This small book tells the story of the Brig Emma and its last voyage. I was able to access original newspaper reports and admiralty records through contact with archivists and the great-granddaughter of Emma’s captain. The bookmark is a copy of Capt Barrett’s mourning card.
Stories in Stitch at Espacio Gallery, London, March 2022
Robert Cross (book)
15.3 x 12.2 x .9 cm
Drum leaf bound book with double-sided inserts printed on silk, book cloth covered board covers embossed with Spurn lighthouse outline. The book relates information about Robert Cross, coxswain of the Humber lifeboat
27 x 27 x 6 cm
Stitch and print on organza and muslin, suspended and floating in a frame. Robert Cross, coxswain of the Humber lifeboat based on Spurn, is one of the RNLI’s most highly decorated lifeboatmen. The text is taken from his retirement speech.
Untitled 5 (left, or top), 43 x 33cm, acrylic and watercolour on paper with collaged fabrics and lutrador. Untitled 6 (right, or bottom), 43 x 33cm, image transfer on paper collaged with fabric scraps and threads.
69 x 28 cm
Stitch with mixed media on hand rusted and dyed vintage cotton
Spurn Night 1
45 x 35 cm
Hand stitch on black cotton and net
Spurn Night 2
43 x 33 cm
Hand stitch on vintage suiting fragment
Spurn Scroll, 50 x 25 x 10 cm
Various fabrics joined together, paint, dye, machine and hand stitching, image transfer. The scroll is wound on two spindles so the central image can be changed, and is held on a stand.
73 x 52.5 cm
Handstitched with vintage and modern threads on 19th century hemp
Spurn Lines I
Mixed media book with various papers, prints, stitch, cottons and silk, image transfer. Printed fabric cover from original photographs. Stab binding. 28.5 x 15 x 1.2 cm closed.
8 x 22 x 3 cm closed
Flag book with machine stitched paper, acrylic, oak gall ink and bound with book cloth
Untitled 1, 2, 3 and 4: a series of four images of groynes at Spurn; lithographs (which took two days to produce) printed on calico, and then collaged with fabric, threads and gold foil. Each 23.5 x 32.5 cm
23.5 x 32.5 cm
Collage and machine stitch. Completely difference from my usual work: a reaction to the arrest of Patsy Stevenson at the Clapham Common vigil for Sarah Everard
Textiles2020: The Show, December 2020, Espacio Gallery, London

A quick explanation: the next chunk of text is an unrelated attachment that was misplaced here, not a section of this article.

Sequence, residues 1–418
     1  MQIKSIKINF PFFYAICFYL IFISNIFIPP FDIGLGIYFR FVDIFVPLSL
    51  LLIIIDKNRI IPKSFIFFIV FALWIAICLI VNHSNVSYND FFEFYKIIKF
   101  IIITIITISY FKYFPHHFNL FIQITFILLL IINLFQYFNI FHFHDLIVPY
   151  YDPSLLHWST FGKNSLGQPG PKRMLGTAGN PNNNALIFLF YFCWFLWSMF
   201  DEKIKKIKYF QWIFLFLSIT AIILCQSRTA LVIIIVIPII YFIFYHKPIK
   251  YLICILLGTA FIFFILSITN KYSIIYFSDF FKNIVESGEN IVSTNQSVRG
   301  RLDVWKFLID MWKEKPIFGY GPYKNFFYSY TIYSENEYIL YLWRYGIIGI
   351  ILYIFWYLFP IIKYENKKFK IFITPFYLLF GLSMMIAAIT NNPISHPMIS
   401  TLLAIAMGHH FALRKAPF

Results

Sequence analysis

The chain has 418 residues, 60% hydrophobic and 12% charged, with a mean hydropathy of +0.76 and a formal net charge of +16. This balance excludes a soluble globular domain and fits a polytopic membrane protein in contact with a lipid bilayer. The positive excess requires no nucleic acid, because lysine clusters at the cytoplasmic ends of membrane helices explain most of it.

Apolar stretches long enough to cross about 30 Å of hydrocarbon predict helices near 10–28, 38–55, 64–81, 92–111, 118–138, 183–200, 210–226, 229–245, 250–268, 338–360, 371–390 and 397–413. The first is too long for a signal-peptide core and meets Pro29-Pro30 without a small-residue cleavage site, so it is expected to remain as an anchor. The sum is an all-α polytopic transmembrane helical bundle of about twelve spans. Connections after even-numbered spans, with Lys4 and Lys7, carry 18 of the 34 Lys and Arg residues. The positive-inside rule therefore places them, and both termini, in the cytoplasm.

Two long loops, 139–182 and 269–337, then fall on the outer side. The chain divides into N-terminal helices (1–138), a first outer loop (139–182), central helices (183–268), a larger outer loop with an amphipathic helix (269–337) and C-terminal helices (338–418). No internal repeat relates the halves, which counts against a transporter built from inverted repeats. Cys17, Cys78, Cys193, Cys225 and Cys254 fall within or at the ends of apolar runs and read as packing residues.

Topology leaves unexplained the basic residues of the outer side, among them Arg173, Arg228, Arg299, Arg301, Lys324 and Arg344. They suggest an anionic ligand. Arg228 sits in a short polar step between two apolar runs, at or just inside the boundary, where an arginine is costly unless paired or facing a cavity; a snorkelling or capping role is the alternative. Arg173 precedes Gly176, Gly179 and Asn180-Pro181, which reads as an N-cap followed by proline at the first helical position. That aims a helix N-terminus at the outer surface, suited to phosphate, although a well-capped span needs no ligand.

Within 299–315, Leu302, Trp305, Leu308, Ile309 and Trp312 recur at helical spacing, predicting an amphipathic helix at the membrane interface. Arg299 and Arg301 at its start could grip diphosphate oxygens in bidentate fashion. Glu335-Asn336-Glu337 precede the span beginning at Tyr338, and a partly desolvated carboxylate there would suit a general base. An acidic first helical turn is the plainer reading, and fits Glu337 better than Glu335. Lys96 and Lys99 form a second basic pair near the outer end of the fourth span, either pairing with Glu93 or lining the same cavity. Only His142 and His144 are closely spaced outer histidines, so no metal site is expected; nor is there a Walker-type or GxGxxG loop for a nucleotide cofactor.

I decided to make two major pieces for this exhibition.
I became fascinated by the dramatic effect of natural forces on the vulnerable Humberside coastline at Spurn Head. The power of the elements has overcome sea defences causing erosion, coastal movement, and displacing the once thriving community from this unstable, impermanent headland. This book is my response; it was shortlisted for the 252nd Royal Academy Summer Exhibition in London (postponed from Summer to Autumn, hopefully).
The book didn’t make the final cut … but I had mixed emotions here: it meant it was available for our December exhibition and, given the difficulties I had experienced during the year, it was a relief. And I hadn’t actually had it long enough, so am happy to have it. And I was absolutely delighted to have the work shortlisted from such a strong field.
Sailors’ kit bags
100 x 80 approx (bags are approx 29 x 12cm each). Distressed rusted, painted and dyed cotton fabrics, thread and string. Stencilled.
The Brig Emma foundered in sight of men on Spurn desperate to help. Three bodies, unidentified, were washed ashore the following day, and interred in a single grave. Naval records identify five crew members, but the youngest, William Best, was never officially acknowledged. These named kit bags mark their loss.
These bags (and a new one for Capt Barrett) were displayed at the Prism “Untold” exhibition
Whilst researching this work I became deeply affected by the story of the loss of the Brig Emma just off Spurn in a gale in November 1893, and was able to access the research done by his great granddaughter, Meg Hartford. I made this small book to keep everything together.
My colleagues and I formed an exhibiting group at the end of our Advanced Textiles Course with CityLit, the last few months of which were very difficult … I was classified as clinically extremely vulnerable and had to shield for month, and just before we were permitted one walk daily I was admitted to St Mary’s for life-saving surgery (non-Covid related!) and spent just over six weeks there in three admissions. I did manage to join the @seamcollective September Challenge from my hospital bed with the help of my daughter and husband, who took photos for me from which I could make my selections.
Update: Lara moved her piece to the back of the work, along with the names of all contributors, and put mine in its place (thank you, dear Lara). The work is now in the Victoria and Albert Museum and can be found here.